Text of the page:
OPINION
June 22, 2005
Re "Land Study on Grazing Denounced," June 18: Bureau of Land Management hacks rewrite text that is based on scientific fact and we are to believe that having cattle overgraze on fragile Western ecosystems is good for the environment. Public comment is no longer required. The cattle industry now has virtually total control over 160 million acres of public land, and the public can do nothing about it. The Clean Water Act and the Endangered Species Act have been set aside. The policy flies in the face of all known science, environmental principles and the law of the land.
NEWS
May 10, 1987 | PAMELA A. MacLEAN, United Press International
Federal officials are convinced that some Idaho cattle ranchers may be deliberately setting fire to government rangeland knowing that it will be immediately reseeded with grasses better for grazing. Suspected range torching by ranchers first came to light after a federal appeals court ruling last month in San Francisco involving a 1984 Idaho arson case and a ranch foreman who is a Peruvian national.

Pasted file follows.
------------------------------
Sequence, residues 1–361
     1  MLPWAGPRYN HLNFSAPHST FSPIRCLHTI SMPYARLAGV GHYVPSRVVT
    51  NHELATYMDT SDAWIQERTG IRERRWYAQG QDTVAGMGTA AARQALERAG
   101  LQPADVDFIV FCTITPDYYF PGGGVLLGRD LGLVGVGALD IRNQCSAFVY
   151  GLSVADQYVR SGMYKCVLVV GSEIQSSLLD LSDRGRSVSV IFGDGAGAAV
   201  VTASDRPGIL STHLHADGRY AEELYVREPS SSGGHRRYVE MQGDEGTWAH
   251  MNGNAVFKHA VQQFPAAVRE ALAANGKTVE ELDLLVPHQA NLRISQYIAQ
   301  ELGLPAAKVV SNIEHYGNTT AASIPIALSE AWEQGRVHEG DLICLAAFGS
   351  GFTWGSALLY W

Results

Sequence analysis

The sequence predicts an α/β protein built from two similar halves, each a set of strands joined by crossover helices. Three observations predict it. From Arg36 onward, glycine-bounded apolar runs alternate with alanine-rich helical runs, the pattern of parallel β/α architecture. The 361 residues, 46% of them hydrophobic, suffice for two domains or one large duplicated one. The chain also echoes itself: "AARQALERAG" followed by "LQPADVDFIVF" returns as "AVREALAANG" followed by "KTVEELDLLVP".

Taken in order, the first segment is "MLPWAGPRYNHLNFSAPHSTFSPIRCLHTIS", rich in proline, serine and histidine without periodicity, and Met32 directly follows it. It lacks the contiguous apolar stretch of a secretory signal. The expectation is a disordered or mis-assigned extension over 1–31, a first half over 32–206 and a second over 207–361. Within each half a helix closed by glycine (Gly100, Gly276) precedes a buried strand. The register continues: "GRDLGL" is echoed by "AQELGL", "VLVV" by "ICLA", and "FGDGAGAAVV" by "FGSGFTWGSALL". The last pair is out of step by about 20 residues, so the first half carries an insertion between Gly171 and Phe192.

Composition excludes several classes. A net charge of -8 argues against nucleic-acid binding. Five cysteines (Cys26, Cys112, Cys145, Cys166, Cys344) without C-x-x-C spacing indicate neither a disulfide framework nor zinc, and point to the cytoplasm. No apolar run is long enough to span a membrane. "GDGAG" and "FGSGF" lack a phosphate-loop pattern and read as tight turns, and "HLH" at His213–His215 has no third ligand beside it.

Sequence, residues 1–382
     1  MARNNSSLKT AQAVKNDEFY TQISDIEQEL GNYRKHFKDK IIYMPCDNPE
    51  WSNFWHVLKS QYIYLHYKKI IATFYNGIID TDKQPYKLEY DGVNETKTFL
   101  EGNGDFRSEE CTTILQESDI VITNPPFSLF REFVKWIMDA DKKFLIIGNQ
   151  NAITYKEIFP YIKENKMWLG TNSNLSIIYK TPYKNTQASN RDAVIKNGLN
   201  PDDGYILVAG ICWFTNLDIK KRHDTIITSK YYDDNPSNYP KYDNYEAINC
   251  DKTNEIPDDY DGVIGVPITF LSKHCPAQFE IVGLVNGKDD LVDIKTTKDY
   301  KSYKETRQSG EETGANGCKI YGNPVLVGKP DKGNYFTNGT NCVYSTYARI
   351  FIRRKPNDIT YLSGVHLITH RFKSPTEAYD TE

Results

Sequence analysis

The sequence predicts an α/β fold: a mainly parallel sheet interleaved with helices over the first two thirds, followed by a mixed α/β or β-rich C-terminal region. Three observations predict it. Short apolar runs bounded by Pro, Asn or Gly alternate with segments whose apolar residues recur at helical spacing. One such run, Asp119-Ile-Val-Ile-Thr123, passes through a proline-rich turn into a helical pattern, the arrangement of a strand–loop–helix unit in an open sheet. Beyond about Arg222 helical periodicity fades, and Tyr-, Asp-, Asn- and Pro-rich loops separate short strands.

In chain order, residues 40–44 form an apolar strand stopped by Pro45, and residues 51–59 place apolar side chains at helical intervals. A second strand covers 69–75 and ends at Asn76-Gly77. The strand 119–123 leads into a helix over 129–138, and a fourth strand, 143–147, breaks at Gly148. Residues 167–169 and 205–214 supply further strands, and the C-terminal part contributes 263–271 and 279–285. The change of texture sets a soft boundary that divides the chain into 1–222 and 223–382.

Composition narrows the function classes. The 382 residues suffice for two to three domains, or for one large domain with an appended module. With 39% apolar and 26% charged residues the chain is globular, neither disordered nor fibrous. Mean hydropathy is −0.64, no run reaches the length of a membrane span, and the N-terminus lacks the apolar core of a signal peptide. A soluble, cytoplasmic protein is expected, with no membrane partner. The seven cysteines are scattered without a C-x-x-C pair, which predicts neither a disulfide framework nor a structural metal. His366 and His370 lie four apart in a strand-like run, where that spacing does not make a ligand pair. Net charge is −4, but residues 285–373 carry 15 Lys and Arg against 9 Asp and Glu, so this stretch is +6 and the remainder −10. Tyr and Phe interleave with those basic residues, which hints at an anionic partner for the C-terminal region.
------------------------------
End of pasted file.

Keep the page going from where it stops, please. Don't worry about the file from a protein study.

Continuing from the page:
NATIONAL
April 21, 2014 | By John M. Glionna, This post has been corrected. See below for details.
The battle lines are hardening in Nevada rancher Cliven Bundy's so-called range war against the federal government over his right to graze cattle on public lands. Arguments have moved from the Nevada desert to the nation's capital, where Nevada's two U.S. senators, Republican Dean Heller and Democrat Harry Reid, recently faced off on a television public affairs show in Las Vegas. Heller described Bundy's cadre of armed supporters as “patriots” during the show, "What's the Point," on KSNV-TV News 3. Reid repeated his claim that the so-called militia men are “domestic terrorists.” Officials from the Bureau of Land Management say Bundy is illegally running hundreds of head of cattle in the 600,000-acre Gold Butte area, habitat of the federally protected desert tortoise.